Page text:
The area of Rudolf Steiner's study of anthroposophy that interests me most, second to Waldorf education of course is biodynamic farming. I happen to be a member at a biodynamic farm and I have to tell you that the beyond delicious goodies we get from our farm fill both my family's bellies and souls with their goodness.
So what is biodynamic farming? What makes it unique?
This is exactly what I break down in this episode with my guest Alice Groh.
Alice Groh has been a long time student of the works of Rudolf Steiner, founder of Waldorf Education and Biodynamic Agriculture, amongst many other cultural initiatives. With her late husband Trauger Groh and two other farm families, they founded the Temple-Wilton Community Farm, one of the nation's first CSA (Community Supported Agriculture) farms. Alice has served on the Board of Trustees of both the High Mowing School and the Pine Hill Waldorf School, being Board Chair at Pine Hill Waldorf school for three years. Alice has always held as an ideal for all children high quality, life-giving nutrition and an artistic and developmentally-appropriate education. The new Sunrise Gardens Childcare initiative in Manchester, NH, aimed primarily towards the children of new immigrants to the US, is very near to her heart. She also remains active on the Board of the Community Farm and gardens on her own 37 acre farm in Wilton, NH.
Coming back to what makes it unique, there are many ways to distinguish biodynamic farming. The first is that most practices in place on organic farms you'll also find on a biodynamic farm. These would include things like the absence of the use of chemical pesticides, and growing produce and raising livestock that is non-GMO and hormone free. However biodynamic farming takes it much much farther than that.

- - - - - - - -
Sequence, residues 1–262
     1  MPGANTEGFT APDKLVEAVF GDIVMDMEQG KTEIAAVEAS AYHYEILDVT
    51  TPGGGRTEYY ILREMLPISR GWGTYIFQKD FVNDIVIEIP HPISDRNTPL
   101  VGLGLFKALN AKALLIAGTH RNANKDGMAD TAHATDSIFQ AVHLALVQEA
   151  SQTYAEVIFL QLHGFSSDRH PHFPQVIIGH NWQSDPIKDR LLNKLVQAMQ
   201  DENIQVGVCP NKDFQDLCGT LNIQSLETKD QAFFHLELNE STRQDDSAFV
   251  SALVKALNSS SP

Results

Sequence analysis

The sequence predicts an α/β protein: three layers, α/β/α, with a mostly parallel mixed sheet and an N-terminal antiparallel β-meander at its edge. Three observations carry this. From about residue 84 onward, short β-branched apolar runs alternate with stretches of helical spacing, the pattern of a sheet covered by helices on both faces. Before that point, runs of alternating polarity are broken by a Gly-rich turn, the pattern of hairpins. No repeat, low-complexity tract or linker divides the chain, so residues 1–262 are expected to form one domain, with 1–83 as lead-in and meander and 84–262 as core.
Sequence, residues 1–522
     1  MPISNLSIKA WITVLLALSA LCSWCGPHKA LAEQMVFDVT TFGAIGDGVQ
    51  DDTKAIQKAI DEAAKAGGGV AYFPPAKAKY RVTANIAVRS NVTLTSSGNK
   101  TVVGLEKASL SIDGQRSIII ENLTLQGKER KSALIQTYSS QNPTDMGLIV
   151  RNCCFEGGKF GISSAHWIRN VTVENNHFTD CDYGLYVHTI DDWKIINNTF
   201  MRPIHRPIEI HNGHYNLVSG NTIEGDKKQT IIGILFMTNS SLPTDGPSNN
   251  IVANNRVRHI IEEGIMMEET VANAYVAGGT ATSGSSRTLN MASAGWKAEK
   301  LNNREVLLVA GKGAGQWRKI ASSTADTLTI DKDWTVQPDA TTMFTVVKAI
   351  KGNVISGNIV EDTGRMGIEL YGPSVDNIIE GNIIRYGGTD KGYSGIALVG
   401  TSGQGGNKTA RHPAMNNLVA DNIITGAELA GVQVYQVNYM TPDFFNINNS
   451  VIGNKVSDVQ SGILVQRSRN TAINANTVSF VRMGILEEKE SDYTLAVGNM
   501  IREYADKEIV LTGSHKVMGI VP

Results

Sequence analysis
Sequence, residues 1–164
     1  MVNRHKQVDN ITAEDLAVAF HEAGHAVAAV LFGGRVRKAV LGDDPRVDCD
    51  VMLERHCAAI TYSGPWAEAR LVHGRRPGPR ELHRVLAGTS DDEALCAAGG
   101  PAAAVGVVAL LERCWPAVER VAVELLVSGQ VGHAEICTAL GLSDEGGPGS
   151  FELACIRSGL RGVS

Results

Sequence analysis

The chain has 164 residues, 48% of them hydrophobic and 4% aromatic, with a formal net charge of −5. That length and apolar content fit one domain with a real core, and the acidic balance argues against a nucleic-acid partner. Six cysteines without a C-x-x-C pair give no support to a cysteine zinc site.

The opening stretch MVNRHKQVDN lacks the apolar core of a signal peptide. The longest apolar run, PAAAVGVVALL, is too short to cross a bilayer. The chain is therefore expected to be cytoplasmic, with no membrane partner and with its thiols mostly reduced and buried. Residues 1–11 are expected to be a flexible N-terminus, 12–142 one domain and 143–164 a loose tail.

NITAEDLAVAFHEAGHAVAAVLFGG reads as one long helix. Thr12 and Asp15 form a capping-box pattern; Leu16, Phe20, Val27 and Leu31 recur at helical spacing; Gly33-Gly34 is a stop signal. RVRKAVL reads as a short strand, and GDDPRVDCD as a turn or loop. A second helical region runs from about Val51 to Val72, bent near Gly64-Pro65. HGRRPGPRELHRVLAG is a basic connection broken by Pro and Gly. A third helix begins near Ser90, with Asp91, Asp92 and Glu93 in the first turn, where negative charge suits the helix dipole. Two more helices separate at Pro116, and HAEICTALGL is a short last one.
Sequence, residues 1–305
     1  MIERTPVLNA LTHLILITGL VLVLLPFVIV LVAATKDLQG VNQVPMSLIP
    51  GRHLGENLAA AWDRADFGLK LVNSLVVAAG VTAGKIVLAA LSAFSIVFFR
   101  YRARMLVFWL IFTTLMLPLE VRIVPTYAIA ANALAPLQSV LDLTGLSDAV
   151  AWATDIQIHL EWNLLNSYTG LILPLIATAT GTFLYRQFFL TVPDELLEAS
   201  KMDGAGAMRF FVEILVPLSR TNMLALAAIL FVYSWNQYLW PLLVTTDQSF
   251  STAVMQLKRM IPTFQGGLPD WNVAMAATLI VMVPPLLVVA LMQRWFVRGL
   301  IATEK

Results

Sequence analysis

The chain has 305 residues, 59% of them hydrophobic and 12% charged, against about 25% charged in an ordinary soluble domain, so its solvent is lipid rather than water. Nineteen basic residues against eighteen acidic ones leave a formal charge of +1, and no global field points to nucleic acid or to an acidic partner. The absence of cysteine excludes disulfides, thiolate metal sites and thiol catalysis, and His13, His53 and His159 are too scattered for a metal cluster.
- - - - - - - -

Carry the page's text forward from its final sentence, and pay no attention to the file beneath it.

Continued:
In the desire to develop the most nutritious food for human beings, Steiner understood that also included taking care of the earth. Biodynamic farming goes beyond just trying to grow and harvest in the most sustainable way possible, but also seeks to rejuvenate and replenish the land. He also had an idea that nutrition wasn't just fuel for our bodies and minds, but it also nourishes us in a cosmic spitual way. Honestly I found that the most interesting thing to learn about in my conversation with Alice.
Honestly there are a lot of practices common on a biodynamic farm that many would find pretty out there. One being the creation of the differnt biodynamic preparations, something Alice goes more in depth on in the episdoe. This is certainly another distingusihing quality of biodynamic farming. However, if I had to tell you from my own experience what the greatest differnce is of the food on a biodynamic farm, and I'm speaking from experince, it's the taste and the way it makes you feel. It tatstes out of this world, and it makes you feel nourished. Really nourished. Don't believe me? Find a biodynamic farm get some goodies and do a test for yourself!
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www.biodynamics.com This is the website for the Biodynamic Agriculture Association in America. Always a good place to start and full of links to groups, information about classes, conferences, blogs, podcasts etc.
Here is a link to the Introduction to the Biodynamics section of the SteinerBooks website. Alice especially recommends the small book The Biodynamic Farm by Karl-Ernst Osthaus in that it shows how one farmer created a Biodynamic farm organism in an artistic and spiritual-scientific manner. She also recommends her late husband's book, Farm's of Tomorrow Re-visited with its essays on Biodynamics and the principles of Community Supported Agriculture (CSA farms).
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